Project Criteria for Selecting the Right Work
Many of the businesses we work with have more projects in the pipeline than capacity to deliver. Knowing which projects to pick for the best business results becomes a crucial skill. After all, we can all be busy, but are we busy on the right things?
The Project Management Office has a key role to play in helping business leaders make the right decisions.
Typically, PMOs use a list of criteria to help prioritize incoming project work. Ideas for projects are ranked against the criteria. If the project scores highly enough, it will move up in the pipeline to be worked on at an appropriate time.
If the project is important enough, and scores highly enough, it might take priority over existing, in-flight work. Mature PMOs know that sometimes it is necessary to put a project on hold in order to make better use of the resources by delivering something else that is a higher priority.
Project selection discussions are held in all businesses and normally the process goes unchallenged. The selection process is often only challenged when there is too much work to do for the resources and project teams push back on management, asking for help with prioritizing their workloads. When the executive teams say yes to everything, the project delivery teams find it hard to get ‘everything’ done.
That’s why it’s important to have a project selection process that looks critically at projects and what value they bring to the organization. Not all projects are created equal, and they ought to be ranked in order of priority for the business. This also helps delivery teams prioritize their time and resources appropriately.
The selection process might start with preparing a business case, but it’s the selection criteria that are the stars of the process. It’s these criteria that a project is assessed against and deemed worthy of more work.
You can break the criteria into two sections: criteria that are based on working in the business, and criteria that are based on working on the business.
Let’s dig into those two categories so you can see what they look like as part of the PMO project selection process.
Working in the business
Project selection and prioritization criteria that relate to working in the business are things like:
- The value of the project
- The resources required to deliver the project
- The risk relating to the project so that can be assessed against the portfolio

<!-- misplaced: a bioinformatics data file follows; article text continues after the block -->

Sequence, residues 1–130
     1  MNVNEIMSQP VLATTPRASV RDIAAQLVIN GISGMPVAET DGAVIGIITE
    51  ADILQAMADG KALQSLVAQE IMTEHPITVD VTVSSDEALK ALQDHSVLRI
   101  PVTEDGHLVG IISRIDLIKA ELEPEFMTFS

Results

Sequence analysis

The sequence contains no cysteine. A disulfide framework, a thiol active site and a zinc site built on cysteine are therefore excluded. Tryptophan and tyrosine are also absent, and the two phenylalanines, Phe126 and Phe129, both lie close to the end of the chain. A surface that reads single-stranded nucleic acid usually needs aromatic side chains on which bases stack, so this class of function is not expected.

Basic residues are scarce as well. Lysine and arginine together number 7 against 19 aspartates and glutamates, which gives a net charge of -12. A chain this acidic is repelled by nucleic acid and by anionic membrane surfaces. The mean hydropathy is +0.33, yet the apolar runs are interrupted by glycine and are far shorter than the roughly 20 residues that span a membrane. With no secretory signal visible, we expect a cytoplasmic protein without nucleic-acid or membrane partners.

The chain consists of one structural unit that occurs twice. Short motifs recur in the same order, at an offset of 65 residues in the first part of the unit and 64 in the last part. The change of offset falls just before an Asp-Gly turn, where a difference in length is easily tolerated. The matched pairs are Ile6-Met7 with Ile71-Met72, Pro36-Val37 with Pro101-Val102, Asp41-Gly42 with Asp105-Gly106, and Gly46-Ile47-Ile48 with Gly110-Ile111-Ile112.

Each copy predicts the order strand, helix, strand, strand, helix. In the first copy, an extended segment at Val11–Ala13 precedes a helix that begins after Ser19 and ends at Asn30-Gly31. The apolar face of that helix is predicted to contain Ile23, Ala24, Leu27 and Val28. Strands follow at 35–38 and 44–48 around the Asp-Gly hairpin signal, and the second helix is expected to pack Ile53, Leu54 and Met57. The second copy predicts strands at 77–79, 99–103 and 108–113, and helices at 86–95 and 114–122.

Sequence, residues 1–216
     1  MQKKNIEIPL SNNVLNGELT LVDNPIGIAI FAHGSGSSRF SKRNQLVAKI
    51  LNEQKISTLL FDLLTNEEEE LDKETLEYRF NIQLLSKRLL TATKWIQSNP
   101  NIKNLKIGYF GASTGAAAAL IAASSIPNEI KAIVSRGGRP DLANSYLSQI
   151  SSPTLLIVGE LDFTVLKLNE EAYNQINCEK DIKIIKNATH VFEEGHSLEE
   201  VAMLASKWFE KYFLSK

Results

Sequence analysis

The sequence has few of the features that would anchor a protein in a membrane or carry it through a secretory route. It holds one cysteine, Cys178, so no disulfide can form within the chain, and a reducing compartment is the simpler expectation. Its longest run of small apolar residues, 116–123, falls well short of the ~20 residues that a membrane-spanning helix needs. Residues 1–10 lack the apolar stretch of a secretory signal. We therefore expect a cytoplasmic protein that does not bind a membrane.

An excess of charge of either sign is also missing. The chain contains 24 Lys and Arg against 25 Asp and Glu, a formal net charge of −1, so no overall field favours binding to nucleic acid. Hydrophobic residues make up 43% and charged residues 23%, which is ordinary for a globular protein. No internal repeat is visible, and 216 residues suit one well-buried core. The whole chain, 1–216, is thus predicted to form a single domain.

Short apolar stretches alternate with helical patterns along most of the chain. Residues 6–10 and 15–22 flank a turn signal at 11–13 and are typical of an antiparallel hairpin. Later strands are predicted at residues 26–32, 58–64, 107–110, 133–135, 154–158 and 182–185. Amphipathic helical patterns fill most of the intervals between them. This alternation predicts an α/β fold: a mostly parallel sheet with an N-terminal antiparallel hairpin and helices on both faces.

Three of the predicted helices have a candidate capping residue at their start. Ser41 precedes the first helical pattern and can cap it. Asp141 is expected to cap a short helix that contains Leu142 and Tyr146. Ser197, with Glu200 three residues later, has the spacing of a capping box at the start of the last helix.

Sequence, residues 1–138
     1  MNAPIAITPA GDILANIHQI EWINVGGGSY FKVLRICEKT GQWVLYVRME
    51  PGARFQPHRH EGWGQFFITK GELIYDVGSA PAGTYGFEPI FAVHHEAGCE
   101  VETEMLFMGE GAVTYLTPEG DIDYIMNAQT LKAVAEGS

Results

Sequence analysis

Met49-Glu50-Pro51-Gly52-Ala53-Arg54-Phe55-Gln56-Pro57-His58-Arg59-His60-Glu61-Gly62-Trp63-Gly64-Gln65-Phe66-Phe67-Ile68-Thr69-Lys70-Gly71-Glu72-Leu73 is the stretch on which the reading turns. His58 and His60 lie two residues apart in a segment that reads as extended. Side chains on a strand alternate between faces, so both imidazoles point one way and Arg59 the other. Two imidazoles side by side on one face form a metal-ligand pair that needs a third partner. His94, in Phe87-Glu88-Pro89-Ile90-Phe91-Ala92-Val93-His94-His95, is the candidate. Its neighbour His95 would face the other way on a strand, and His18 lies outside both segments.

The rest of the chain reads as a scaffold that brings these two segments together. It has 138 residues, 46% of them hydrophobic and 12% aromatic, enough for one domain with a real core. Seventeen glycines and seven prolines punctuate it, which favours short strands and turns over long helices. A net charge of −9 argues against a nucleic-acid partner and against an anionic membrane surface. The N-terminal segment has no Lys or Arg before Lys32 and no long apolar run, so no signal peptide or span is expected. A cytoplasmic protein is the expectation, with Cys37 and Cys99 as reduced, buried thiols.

- The profit margin for the project
- The brand impact of the project, or the market share impact
- The lead time before you start seeing any revenue increase.
These are all internally focused constraints. They are helpful for project prioritization – you can’t say yes to a project unless you know the resources required, for example – but they aren’t all you should be looking at.
These criteria are limited to whether or not the business can deliver the project and whether it’s worth the effort to do so.
Working on the business
Selection criteria relating to working on the business are those that help you move the business forward. Some examples would be:
- The process improvement you’ll see as a result of the project
- The service improvement to customers that the project will deliver
- The increase in employee engagement you’ll receive as a result of the project
- The decrease in overall business expenditure
- Other criteria that directly relate to items on your company’s balanced scorecard or key strategic performance metrics.
In other words, how will your business be better by doing this project? When you add that consideration into the mix, you’ll be more likely to make a decision based on a holistic view of the project’s benefits instead of the simple ‘constraints’ analysis.
Getting The Balance Right
It’s important to get the balance right. You can’t make good selections for future projects based solely on one type of criteria or the other. And it’s important to have good management information on which to base the decision, so that business cases are assessed in a fair and measured way.
Use tools like Primavera P6 EPPM to produce management information to support business cases. Run your business processes through enterprise project portfolio management and ERP systems, so you can extract what you need to prepare robust data.
There is an immense benefit to getting the balance right when you are making project selection decisions. Companies without reliable, repeatable ways to make good decisions end up prioritizing projects that are the low-hanging fruit. They spend time on cheap-to-deliver projects with low resource requirements, or urgent requests, or purely hard financial information that doesn’t show the strategic big picture.
Benefits that relate to transformative measures, like improvements in cycle time or redesigning a process from scratch, are difficult to quantify in the same way as criteria like resource time. You can estimate a budget, but it’s hard to estimate the positive change management impact for projects. However, that doesn’t mean we shouldn’t try!
If your PMO needs support in this area, an experienced consultant with a background in PMO leadership support and benefits management can work with your team over a short period to set up a process for project prioritization.
Once you’ve got a solid process in place, you can better manage your pipeline of incoming project work. You’ll have confidence the PMO is helping business leaders select the right mix work of work to support strategic imperatives and keep the business running day to day.